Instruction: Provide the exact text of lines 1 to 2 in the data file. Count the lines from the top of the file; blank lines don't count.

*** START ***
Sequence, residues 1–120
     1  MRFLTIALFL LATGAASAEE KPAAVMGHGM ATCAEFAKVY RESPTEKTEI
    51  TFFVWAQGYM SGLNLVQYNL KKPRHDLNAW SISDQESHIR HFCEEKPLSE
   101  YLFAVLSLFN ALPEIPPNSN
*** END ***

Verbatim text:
Sequence, residues 1–120
     1  MRFLTIALFL LATGAASAEE KPAAVMGHGM ATCAEFAKVY RESPTEKTEI